What Anguilla lacks in size, it more than makes up for in that much-sought Caribbean asset: pristine, powdery beaches. Boasting 19km (12 miles) of white coral coastline, Anguilla's calm and polychromatic waters are enough to lure any potential visitor.
Comprised of several other islands and cays, Anguilla is rapidly becoming a holiday haven for the rich and famous. Brad Pitt, Robert de Niro and Robin Williams have all relaxed in the island's vivid blue ocean, no doubt sipping on expensive cocktails.
For those seeking an altogether cheaper type of cocktail, nothing can beat staring out at a Caribbean sunset while sipping an Anguillan tipple in one of the many beach bars. Those who like their food need not worry either, since restaurants on the island are excellent and offer a mixture of cuisines, with a natural emphasis on seafood and alfresco dining. Nightlife is centred on hotel nightclubs or barefoot dancing in those beach bars.
If you ever get bored of relaxing, there are loads of activity choices. Many resorts and hotels are situated on the beach and offer boating, snorkelling, fishing and scuba-diving equipment for adventurous types. For the culturally minded, Anguilla, despite its diminutive size, has around 15 art galleries to stroll around and observe Anguillan talent. Wherever you are though, those beautiful beaches are only minutes away.
Things To Do in Anguilla
• Explore scores of deliberately sunken wrecks and award-winning underwater parks that attract schools of fish by diving in one of the seven marine parks that Anguilla offers: Prickly Pear, a beautiful canyon characterised by ledges and caverns, where nurse sharks can be seen; Little Bay, a calm, sheltered site suitable for training and night dives; Shoal Bay Harbour Reef System; Stoney Bay; Dog Island; Seal Island Reef System and Sandy Island.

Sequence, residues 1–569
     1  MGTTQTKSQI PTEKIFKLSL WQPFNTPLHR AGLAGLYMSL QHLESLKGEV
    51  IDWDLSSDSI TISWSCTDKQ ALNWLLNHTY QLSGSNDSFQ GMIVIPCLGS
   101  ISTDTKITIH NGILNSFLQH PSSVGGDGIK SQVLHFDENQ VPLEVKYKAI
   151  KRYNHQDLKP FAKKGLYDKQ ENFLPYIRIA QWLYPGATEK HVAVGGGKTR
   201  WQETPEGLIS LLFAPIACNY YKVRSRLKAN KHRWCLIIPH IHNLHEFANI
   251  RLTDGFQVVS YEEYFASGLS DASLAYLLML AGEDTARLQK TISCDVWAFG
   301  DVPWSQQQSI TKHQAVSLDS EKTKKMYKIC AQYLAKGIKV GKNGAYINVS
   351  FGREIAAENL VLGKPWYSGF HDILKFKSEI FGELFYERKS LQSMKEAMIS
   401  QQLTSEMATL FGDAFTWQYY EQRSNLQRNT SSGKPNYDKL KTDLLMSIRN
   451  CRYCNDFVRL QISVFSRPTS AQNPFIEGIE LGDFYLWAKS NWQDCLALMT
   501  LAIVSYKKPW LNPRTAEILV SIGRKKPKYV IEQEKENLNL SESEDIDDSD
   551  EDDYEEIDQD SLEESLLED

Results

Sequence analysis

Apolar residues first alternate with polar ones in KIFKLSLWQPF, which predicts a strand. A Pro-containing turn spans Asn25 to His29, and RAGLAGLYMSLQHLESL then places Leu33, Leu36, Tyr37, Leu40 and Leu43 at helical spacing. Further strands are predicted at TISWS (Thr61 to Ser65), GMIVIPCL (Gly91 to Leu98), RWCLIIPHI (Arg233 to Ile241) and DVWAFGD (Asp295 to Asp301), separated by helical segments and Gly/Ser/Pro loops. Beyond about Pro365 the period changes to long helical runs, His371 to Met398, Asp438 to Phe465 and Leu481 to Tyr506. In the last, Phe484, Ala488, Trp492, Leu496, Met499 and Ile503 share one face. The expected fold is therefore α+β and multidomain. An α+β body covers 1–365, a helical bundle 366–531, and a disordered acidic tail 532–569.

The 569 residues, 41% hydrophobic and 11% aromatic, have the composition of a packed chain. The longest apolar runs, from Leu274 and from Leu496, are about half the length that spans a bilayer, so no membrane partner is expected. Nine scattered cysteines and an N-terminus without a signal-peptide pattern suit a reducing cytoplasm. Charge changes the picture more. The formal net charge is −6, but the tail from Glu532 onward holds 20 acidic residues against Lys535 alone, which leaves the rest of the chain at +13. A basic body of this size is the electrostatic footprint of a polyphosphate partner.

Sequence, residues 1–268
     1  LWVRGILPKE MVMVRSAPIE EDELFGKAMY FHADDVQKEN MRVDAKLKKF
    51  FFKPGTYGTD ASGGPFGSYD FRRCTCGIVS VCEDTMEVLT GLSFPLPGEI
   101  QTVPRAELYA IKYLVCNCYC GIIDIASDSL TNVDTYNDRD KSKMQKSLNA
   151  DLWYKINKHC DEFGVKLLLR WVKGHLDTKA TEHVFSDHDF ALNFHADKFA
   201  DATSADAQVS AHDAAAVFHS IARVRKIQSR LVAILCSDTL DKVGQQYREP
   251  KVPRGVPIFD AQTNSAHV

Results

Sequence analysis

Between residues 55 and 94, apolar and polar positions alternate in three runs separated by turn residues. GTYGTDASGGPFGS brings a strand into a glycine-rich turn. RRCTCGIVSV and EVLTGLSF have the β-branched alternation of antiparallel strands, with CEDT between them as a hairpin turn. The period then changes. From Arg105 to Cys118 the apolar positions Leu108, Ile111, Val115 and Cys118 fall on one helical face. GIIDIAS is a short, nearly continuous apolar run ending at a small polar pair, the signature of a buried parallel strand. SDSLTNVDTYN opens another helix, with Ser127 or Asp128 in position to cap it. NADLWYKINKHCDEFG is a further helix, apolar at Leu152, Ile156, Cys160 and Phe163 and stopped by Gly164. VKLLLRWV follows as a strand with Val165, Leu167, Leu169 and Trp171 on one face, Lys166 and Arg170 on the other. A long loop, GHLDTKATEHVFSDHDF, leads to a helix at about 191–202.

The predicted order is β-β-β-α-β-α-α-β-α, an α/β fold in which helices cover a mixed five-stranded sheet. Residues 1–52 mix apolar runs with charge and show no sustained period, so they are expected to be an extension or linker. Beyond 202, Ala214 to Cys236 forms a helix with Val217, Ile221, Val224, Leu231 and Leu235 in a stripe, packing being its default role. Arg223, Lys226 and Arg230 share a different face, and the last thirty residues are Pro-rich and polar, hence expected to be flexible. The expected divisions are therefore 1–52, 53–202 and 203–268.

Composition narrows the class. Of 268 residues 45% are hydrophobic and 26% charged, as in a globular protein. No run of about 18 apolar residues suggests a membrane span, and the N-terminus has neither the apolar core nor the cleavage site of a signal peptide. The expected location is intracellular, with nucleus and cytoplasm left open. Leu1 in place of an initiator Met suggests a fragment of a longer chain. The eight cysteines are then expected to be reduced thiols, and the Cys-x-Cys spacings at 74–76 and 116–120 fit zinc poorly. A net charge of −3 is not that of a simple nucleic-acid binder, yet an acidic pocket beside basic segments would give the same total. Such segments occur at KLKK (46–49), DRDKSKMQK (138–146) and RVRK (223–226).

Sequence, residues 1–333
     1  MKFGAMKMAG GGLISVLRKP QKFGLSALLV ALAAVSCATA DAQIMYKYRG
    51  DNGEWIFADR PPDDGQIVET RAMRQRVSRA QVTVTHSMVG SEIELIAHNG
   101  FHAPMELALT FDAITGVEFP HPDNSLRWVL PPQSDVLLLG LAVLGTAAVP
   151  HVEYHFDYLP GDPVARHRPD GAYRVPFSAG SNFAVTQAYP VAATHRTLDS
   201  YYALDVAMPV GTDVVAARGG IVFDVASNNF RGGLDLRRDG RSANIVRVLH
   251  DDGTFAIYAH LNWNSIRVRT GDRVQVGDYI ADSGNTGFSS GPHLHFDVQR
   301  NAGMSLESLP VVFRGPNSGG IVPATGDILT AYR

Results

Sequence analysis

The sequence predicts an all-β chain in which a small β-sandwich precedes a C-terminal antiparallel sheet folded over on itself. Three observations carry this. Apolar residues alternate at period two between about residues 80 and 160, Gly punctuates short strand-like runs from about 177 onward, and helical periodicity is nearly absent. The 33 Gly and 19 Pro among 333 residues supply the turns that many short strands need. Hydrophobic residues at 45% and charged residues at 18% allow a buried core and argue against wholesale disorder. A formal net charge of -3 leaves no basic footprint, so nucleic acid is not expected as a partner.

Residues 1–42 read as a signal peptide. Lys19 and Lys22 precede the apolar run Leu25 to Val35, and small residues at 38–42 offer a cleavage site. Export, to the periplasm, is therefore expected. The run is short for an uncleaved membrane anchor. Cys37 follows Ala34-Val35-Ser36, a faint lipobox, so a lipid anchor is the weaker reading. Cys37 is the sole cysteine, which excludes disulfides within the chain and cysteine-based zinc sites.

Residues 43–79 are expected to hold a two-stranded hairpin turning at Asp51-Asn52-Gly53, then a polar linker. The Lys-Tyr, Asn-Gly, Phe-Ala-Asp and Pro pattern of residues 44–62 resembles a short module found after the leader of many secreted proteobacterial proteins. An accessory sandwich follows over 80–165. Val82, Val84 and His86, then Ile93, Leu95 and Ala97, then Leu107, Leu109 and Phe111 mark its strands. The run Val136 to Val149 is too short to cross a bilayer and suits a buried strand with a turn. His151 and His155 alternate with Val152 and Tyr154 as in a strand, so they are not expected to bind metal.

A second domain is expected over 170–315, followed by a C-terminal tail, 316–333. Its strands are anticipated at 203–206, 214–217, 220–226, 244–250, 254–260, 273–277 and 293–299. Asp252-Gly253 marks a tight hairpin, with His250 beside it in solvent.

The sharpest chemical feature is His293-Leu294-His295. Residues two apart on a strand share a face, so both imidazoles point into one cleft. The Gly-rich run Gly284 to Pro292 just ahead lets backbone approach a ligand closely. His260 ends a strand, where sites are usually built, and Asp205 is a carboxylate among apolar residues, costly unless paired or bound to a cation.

• Savour traditional reggae music and cocktails under a luminous full moon at Anguilla's annual music festival, Moonsplash.
• Make the most of being surrounded by water by trying any of Anguilla's numerous watersports on offer, such as parasailing, windsurfing and waterskiing, easily organised through Shoal Bay or individual hotels.
• Penetrate Anguilla's waters: do something you will never forget and swim with friendly dolphins; go shore- or deep-sea fishing and discover an abundance of marlin, tuna, swordfish and wahoo.
• Dance yourself silly at Anguilla's annual summer festival of fun, and expect to experience everything from calypso and pageants to street jams, fireworks and boat races (Anguilla's national sport).
• Stroll through any of Anguilla's 15 galleries and studios for a bit of culture, and consider buying your own watercolour painting for a permanent reminder of your holiday.
• Explore Anguilla's many idyllic, white coral beaches at a leisurely pace: some of the best beaches are Rendezvous Bay, Shoal Bay, Road Bay, Maundays Bay, Cove Bay, Meads Bay and Crocus Bay.
• Pop into the impressive Wallblake House, a restored plantation house whose foundations date back to 1787.
• Peer into Anguilla's many grotto-like rock areas and hidden coves, which are dotted all around the island's 30-odd beaches - one to definitely not miss out on is the historic landmark The Fountain, a huge underground cave with a constant supply of fresh water at Shoal Bay.
• Ponder the ruins of the Dutch Fort, built in the 1700s and located at Sandy Hill, famous as the scene of fierce fighting during the second French invasion of Anguilla in 1796, and gaze upon the well-preserved Tomb of Governor Richardson (1679-1742), also in Sandy Hill.
• Take a tour of the Old Salt Mine and Pumphouse at Sandy Ground and see the Salt Ponds at Sandy Ground and West End.
• Visit Sandy Island, 15 minutes from Sandy Ground Harbour, or Sombrero Island, 48km (30 miles) northwest of Anguilla, which has a picturesque lighthouse, for some relaxing solitude; even smaller sandy cays, such as Scrub, Dog and Prickly Pear Islands, are within reach of Anguilla by powerboat.